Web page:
AirVenture Stop On 40,000-Mile Journey
It is a dream flight of "firsts"; the first diesel-powered
aircraft to fly around the world, a Diamond DA42 Twin Star; the
first Scandinavian team to fly around the world in a light
aircraft; the first flight whose main sponsor was a
technology-leading hearing instrument manufacturer.
But perhaps the most important first is Johan Hammarstom, a
young man with dreams of becoming a pilot -- and, who has
congenital hearing impairment of both ears -- who is rewriting
aviation history by becoming the world's first hearing impaired
pilot to complete a round-the-world-flight in a light aircraft. The
historic trip began March 15, 2006, and is set to wrap up August
31, 2006 at Barkarby airport, Stockholm, Sweden.
Along with other crew
members, and close friends, Henrik Ejderholm and Martin Hakansson,
this team of experienced pilots already had 35 years of accumulated
flying before beginning the World Flight for Hearing this past
"I not only wanted to fly around the world, but I also wanted to
show the world that although I had a hearing impairment, I am able
to achieve my goals in life," said Hammarstom.
For Hammarstom, this historic flight is the culmination of many
years of effort, beginning with the recurrent message that,
according to European rules, the hearing impaired without flying
experience cannot earn a pilot's license.
Hammarstom, whose childhood dream was to become a pilot, was
rebuffed time and time again over the years. After many
dispensation application rejections, he found an audiologist
professor who helped with special testing to prove to the medical
board of the civil aviation authorities that he would be capable of
flying in instrument conditions with the right technology. The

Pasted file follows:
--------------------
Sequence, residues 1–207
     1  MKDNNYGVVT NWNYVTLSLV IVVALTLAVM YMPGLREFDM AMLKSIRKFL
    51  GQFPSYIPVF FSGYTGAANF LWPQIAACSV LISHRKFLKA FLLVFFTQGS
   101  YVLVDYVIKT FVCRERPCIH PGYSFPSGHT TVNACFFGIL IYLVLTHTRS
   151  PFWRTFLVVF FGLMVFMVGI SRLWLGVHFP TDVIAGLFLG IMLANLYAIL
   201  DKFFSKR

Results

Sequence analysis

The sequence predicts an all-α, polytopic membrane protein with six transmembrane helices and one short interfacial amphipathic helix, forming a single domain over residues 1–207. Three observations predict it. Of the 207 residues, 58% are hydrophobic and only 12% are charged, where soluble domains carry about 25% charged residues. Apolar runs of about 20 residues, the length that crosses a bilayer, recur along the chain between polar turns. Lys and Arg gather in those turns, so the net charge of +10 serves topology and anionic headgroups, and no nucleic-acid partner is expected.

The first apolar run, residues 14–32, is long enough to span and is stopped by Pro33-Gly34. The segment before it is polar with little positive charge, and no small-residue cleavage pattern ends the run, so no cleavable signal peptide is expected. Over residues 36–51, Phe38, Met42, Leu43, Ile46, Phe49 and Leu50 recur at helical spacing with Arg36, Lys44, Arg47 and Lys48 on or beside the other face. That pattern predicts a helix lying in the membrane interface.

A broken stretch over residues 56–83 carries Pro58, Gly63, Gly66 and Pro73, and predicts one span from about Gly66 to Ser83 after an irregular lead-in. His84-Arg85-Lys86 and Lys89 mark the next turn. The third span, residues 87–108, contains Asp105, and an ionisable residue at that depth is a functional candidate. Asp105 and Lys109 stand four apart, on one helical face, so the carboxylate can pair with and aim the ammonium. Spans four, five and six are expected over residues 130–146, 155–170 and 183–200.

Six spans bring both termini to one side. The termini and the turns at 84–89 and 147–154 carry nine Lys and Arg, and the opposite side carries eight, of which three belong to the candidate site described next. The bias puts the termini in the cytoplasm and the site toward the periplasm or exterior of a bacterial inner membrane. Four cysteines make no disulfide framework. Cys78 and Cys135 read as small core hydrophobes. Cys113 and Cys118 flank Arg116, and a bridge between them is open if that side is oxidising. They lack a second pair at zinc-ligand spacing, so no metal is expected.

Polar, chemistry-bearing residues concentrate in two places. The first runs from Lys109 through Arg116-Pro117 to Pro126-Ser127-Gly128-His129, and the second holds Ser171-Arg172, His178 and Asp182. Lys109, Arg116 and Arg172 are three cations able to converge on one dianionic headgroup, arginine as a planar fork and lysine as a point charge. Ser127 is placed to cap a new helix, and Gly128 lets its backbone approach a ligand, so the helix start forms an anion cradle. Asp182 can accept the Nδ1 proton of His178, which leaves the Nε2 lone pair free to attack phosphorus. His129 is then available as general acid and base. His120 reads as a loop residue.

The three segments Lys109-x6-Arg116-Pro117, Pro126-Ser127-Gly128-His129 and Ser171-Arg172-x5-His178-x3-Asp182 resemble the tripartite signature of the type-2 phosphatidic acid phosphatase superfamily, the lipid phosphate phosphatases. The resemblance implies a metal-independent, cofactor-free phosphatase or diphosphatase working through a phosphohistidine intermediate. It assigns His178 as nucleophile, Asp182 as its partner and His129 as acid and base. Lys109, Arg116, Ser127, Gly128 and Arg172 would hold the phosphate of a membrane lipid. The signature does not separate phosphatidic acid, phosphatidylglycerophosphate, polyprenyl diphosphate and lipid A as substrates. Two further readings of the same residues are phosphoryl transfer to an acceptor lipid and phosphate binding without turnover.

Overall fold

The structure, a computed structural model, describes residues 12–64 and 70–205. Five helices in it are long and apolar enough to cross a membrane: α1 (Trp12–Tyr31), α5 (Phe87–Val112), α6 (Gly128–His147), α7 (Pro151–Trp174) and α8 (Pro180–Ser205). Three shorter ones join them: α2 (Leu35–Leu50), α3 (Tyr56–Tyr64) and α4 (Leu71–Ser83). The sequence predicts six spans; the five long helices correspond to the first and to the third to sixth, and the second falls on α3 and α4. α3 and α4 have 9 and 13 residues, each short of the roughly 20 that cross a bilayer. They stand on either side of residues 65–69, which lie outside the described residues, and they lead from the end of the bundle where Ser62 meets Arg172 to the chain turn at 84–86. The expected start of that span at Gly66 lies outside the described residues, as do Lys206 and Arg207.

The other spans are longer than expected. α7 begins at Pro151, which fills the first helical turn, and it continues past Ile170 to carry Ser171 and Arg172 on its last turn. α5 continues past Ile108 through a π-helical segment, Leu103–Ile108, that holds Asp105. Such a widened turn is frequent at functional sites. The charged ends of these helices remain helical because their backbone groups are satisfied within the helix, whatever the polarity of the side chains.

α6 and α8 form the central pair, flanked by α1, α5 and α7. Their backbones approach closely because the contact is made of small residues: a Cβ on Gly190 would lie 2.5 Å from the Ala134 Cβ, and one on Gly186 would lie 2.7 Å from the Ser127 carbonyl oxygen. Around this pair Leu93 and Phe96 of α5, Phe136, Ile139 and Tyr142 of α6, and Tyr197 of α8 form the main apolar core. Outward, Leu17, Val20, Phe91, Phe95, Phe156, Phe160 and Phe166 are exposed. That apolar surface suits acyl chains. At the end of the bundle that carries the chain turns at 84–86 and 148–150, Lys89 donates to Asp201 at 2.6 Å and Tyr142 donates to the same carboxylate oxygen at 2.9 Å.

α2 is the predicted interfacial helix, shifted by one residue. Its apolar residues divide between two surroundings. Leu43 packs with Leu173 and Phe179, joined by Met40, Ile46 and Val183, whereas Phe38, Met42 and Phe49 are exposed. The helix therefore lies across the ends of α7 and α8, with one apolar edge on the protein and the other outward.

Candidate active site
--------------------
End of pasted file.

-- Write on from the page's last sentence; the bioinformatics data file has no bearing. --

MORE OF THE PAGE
dispensation application was finally approved and Hammarstom
completed his pilot training.
Through World Flight for Hearing, Hammarstom says he is
determined to de-stigmatize hearing impairments and inspire other
hearing impaired to reach their life goals.
During the five-month 40,000 mile tour through 40 countries --
of which 29,000 miles have already been flown -- Worldflyer's team
plans to land in 50 cities, engaging in numerous activities,
including speeches at hard-of-hearing organizations and schools for
hearing impaired children.
The mission was to create attention and exposure around hearing
impairment; there are more than 120 million people around the world
with hearing impairments.
"Since this was the first round-the-world flight with a hearing
impaired pilot, I believe that I could contribute to changing
attitudes towards hearing impairments," said Hammarstom.
"Ultimately, wearing a hearing instrument should not be considered
to be more odd than wearing a pair of glasses."
So far along his historic flight, Hammarstom -- who has rapidly
become an important influencer in the Scandinavian aviation
community -- has: founded the first Swedish Airpark; been buy and
selling aircraft for four different companies; been running a
company working with aircraft rentals, and consulting in the GA
field in Scandinavia.
When he's not flying, Hammarstom, who is 29 and holds a master's
degree in computer systems, is currently working as area operations
manager in the medical IT field. He earned his soaring license in
1992, single engine aircraft license in 1996, multi-engine and
instrument rating in 1998.